Engineering News

Largest City in U.S. Adopts Plan to Curtail Use of Pesticides
Monday May 9, 9:52 am ET

New York City will lead the nation in protecting the health of millions of people by enacting a law today that will begin restricting hazardous pesticide use on all city land. Also to be signed today is legislation that requires commercial landscapers to give neighbors prior notice before spraying pesticides.

NEW YORK, May 9 /PRNewswire/ -- New York City Mayor Michael Bloomberg is expected today to sign into law legislation that will top the list nationwide in protecting the largest number of people from cancer-causing and highly toxic pesticides. The new law requires the City to phase out acutely toxic pesticides and those that are known or suspected to cause cancer or developmental disorders by November 2006, and develop a strategy to utilize less toxic methods in the future on city property.

The New York Public Interest Research Group (NYPIRG) and Beyond Pesticides applauded the New York City Council and Mayor Bloomberg for enacting this bill and another that requires neighbor notification before commercial landscapers spray pesticides.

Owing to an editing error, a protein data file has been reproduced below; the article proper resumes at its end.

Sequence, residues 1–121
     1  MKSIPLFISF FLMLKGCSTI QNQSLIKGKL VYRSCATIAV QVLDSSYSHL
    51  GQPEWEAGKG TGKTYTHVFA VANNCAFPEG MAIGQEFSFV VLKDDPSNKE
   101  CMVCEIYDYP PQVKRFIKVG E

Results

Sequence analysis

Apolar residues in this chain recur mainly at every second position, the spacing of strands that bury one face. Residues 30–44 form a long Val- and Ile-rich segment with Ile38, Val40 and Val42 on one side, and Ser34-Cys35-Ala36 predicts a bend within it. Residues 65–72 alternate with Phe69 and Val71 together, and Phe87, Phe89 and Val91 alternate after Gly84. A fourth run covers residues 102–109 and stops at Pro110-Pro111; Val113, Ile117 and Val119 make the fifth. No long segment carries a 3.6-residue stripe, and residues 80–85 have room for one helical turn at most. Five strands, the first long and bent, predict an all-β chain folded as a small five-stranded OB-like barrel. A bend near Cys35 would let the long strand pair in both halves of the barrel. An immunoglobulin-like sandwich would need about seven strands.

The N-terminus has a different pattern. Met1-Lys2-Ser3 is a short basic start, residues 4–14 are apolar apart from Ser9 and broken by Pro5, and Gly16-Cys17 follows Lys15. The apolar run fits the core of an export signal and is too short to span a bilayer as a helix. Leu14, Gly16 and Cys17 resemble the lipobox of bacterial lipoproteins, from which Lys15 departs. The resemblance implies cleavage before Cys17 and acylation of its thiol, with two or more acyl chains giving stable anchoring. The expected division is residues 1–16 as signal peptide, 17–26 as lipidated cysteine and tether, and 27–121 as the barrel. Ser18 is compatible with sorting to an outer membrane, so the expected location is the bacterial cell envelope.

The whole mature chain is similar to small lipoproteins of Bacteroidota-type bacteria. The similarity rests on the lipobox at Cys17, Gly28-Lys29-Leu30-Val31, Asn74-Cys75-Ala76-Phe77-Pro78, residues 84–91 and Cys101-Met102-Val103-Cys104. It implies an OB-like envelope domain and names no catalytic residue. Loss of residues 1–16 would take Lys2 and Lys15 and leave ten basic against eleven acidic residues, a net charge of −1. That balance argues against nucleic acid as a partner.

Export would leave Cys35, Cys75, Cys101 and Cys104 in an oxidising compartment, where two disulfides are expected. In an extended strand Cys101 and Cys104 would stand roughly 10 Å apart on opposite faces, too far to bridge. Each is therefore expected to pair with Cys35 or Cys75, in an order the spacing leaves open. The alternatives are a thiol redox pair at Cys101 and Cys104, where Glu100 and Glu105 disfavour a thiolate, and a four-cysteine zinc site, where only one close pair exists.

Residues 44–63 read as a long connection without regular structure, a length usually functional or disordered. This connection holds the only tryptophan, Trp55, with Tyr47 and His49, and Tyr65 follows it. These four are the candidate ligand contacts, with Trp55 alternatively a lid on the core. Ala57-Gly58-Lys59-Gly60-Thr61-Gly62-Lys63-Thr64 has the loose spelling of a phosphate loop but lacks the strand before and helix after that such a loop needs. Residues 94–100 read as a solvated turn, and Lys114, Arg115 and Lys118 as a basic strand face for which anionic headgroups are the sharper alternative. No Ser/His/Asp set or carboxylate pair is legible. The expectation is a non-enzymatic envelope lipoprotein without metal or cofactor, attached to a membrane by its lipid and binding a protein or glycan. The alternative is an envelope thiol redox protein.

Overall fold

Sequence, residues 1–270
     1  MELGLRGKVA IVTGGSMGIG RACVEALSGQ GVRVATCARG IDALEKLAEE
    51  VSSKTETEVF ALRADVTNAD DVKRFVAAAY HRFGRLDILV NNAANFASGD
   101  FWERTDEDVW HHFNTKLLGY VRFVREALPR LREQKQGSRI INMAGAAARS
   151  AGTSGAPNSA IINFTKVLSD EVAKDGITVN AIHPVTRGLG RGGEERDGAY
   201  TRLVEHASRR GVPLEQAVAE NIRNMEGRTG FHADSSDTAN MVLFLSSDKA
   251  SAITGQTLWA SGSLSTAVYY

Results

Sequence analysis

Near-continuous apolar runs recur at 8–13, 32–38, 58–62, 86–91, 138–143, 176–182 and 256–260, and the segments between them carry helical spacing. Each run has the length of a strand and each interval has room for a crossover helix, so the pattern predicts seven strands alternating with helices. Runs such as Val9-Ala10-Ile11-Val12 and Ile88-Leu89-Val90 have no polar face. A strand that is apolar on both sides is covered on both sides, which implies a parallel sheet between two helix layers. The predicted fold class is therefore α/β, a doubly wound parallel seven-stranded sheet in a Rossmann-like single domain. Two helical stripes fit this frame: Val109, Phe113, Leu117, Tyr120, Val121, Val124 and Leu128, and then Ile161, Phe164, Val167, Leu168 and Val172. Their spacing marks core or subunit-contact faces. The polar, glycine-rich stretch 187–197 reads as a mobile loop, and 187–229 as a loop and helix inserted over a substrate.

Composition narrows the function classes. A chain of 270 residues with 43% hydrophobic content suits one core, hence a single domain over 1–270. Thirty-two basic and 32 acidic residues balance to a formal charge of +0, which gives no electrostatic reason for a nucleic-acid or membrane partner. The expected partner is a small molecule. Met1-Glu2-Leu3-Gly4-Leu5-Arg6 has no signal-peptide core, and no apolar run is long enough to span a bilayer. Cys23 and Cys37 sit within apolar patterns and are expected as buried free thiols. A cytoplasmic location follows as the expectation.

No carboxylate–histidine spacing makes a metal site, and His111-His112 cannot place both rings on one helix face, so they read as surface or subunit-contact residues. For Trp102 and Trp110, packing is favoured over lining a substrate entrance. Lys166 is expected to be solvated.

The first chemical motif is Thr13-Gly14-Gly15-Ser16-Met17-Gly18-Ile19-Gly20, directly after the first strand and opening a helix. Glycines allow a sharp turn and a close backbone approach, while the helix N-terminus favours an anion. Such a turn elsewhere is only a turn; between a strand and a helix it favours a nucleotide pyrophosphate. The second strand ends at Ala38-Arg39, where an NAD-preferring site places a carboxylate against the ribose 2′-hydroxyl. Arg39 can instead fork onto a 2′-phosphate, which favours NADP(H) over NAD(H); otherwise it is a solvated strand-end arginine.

"These bills put New York City at the forefront of the national effort to move pest control in a new direction, away from poisons and towards prevention," said Laura Haight, senior environmental associate for NYPIRG, a New York State environmental and consumer advocacy group. "Whole generations of children in New York City have been exposed to pesticides that the EPA subsequently banned because they were unsafe. Fortunately, there are safer and smarter ways of controlling pests that are more effective and far less harmful than using toxic chemicals."

"The new law recognizes that we do not have to poison people and the environment to manage buildings and landscapes," said Jay Feldman, executive director of Beyond Pesticides, a Washington, D.C.-based national environmental group. Numerous jurisdictions across the country have adopted a similar law or policy, including San Francisco and Seattle. "New York City stands out among other jurisdictions because of the sheer number of people that will benefit from the new law," said Mr. Feldman.

A report released by NYPIRG and Environmental Advocates in 1998 revealed that New York City accounts for more than a quarter of the total pesticide use in New York State. Several successful pilot projects in New York City use non- toxic and least toxic methods to control roaches, mice and rats.

Source: Beyond Pesticides

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